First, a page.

The same philosophy holds true when discussing the distinction between application-specific and enterprise-specific databases. Object-oriented programming made a basic assumption early on: global state is bad. This was an assumption that was driven partially by necessity - the amount of available RAM for processing in 1985 was a near infinitesimal fraction of what exists today, and the protection of data assets (a form of referential integrity) was paramount.
Increasingly, however, there is a distinction between operational data (that data which is necessary to keep components functional) and global data (that data which describes an application context, such as an enterprise dataset). Global data frequently is stored within a centralized (or at least reasonably federated) data repository, and at any given point in time, only a small portion of the overall data-space is sent to the client. Messaging, in general, is accomplished not by creating messages between components on the client but by updating the global data repository then creating a view of the relevant data that changed.
This is the approach that Redux and similar "global" data repositories take. The presentation (view) reflects the echo coming from the server, and interactions are then sent not at the atomic level but at the concept (or resource) level. In essence, the full "description" of the resource becomes the message sent to the knowledge base, and should that message be acknowledged and validated, then any application which has subscribed to this particular view of the changed knowledge base will update in realtime.
One key point that is worth stressing here is that knowledge bases are not, necessarily semantic in the traditional (e.g., RDF) way, though many are. Instead, knowledge graphs are differentiated from relational data stores on the basis of a few key points:
While this covers semantic triple stores, it can also cover property graphs, JSON and XML stores, GraphQL servers, and even conventional SQL stores in certain contexts. The most important aspect is that it represents globally contextual data.
Such graph data may or may not be immutable. Mutable graph data typically represents a snapshot of information at a given moment in time. For instance, if an assertion exists that Jane Doe is the CEO of BigCo, within a mutable database, this assertion holds true at a certain moment in time, say roughly the current moment. In an immutable database, on the other hand, there exists a record indicating that Jane Doe had a position as CEO of BigCo over a certain interval of time, but that the time in which that statement is no longer true has not yet come. It is an inference.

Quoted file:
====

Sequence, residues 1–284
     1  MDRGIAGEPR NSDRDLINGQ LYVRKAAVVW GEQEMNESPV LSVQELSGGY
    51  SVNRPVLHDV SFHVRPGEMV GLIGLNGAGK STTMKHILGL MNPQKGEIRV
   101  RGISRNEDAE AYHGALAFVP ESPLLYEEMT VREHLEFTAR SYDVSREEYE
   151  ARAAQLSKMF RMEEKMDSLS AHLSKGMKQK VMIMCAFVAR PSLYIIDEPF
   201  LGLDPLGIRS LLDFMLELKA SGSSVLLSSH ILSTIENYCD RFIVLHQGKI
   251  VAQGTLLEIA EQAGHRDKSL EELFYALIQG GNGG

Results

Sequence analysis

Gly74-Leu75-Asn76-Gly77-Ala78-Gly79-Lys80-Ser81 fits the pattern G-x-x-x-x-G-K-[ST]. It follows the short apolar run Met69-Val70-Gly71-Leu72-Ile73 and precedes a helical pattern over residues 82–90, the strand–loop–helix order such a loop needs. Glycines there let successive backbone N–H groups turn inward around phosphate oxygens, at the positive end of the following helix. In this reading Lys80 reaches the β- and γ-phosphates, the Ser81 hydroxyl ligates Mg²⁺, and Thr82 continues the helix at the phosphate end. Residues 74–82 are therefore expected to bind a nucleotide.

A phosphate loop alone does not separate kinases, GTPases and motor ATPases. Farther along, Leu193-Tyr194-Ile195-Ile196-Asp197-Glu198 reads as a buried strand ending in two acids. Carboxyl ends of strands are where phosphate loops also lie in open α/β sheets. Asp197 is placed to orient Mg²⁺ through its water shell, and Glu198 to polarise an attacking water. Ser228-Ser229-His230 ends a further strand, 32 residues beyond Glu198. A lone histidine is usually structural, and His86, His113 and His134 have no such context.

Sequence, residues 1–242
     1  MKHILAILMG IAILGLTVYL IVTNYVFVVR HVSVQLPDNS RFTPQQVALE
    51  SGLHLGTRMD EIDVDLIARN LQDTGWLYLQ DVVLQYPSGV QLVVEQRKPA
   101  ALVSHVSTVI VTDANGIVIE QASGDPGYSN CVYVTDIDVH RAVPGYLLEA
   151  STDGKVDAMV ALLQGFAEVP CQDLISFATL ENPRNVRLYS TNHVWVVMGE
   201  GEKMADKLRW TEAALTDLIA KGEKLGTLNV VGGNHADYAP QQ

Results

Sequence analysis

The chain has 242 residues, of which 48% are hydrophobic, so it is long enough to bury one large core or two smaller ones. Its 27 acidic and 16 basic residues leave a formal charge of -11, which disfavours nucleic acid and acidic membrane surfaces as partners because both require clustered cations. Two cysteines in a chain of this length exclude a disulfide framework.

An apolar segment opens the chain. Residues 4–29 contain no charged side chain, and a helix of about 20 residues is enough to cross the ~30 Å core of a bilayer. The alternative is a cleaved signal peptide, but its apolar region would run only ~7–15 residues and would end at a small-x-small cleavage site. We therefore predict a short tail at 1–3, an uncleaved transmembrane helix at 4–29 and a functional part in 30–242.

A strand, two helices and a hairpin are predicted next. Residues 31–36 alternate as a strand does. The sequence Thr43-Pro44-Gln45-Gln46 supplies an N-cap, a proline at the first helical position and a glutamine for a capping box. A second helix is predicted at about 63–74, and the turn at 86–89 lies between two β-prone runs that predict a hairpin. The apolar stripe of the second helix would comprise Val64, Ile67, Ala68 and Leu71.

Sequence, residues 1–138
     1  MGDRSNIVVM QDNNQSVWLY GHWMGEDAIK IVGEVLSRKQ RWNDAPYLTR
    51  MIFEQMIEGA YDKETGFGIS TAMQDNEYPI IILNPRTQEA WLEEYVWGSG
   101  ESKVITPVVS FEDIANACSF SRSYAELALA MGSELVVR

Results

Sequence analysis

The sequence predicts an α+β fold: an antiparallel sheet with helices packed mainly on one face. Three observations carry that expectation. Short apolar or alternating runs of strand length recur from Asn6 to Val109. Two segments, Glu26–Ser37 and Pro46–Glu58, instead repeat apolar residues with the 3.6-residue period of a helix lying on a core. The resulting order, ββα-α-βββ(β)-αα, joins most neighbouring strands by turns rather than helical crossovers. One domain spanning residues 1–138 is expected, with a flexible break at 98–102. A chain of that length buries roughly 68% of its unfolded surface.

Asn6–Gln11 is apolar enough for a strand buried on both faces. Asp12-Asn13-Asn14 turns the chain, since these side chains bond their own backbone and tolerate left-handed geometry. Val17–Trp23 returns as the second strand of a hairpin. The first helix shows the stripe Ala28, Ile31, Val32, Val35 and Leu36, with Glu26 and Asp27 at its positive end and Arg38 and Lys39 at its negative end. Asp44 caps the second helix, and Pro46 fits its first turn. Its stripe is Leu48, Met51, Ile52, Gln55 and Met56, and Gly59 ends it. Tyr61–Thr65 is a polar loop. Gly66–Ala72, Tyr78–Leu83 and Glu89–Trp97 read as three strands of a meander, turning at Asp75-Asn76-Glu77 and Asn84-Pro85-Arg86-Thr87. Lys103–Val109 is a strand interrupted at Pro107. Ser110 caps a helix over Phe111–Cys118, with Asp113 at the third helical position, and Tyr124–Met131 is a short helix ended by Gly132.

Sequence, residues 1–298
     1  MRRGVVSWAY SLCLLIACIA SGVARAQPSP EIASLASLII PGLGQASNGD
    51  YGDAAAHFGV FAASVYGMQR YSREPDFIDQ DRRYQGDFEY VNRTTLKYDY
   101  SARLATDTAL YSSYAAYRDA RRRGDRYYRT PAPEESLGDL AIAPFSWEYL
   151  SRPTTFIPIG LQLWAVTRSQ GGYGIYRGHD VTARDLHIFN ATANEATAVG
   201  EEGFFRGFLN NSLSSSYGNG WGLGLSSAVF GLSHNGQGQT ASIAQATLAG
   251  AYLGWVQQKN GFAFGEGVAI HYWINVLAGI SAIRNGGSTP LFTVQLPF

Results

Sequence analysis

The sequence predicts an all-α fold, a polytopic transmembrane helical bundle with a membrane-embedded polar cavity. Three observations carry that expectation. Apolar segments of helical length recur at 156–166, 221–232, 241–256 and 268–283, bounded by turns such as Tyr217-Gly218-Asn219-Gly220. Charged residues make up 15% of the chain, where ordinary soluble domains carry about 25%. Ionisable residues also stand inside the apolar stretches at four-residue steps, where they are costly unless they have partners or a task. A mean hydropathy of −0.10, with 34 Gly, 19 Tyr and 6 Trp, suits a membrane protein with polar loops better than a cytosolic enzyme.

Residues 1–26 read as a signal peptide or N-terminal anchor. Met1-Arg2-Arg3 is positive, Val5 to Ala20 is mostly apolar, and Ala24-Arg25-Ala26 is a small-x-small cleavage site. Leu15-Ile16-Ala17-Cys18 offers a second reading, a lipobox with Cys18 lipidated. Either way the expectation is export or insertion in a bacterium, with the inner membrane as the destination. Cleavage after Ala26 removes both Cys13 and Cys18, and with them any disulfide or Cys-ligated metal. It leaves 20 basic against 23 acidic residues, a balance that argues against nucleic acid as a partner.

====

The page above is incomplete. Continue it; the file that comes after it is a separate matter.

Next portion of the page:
This is likely to be the next battleground of object-oriented vs. functional programming, even if the definition of OOP is considerably weaker than that defined by people like Alan Kay or Bjarne Stroustrup. My belief is that our notion of object-oriented comes down to whether or not we see data as a snapshot in time, or a much vaster data fabric. It is, ultimately, a matter of temporal context.
Kurt Cagle is the editor of The Cagle report, and a longtime blogger and writer focused on the field of information and knowledge management.
The Cagle Report is a daily update of what's happening in the Digital Workplace. He lives in Issaquah, Washington with his wife, kid, and cat. For more of the Cagle Report, please subscribe.
Kurt is the founder and CEO of Semantical, LLC, a consulting company focusing on enterprise data hubs, metadata management, semantics, and NoSQL systems. He has developed large scale information and data governance strategies for Fortune 500 companies in the health care/insurance sector, media and entertainment, publishing, financial services and logistics arenas, as well as for government agencies in the defense and insurance sector (including the Affordable Care Act). Kurt holds a Bachelor of Science in Physics from the University of Illinois at Urbana–Champaign.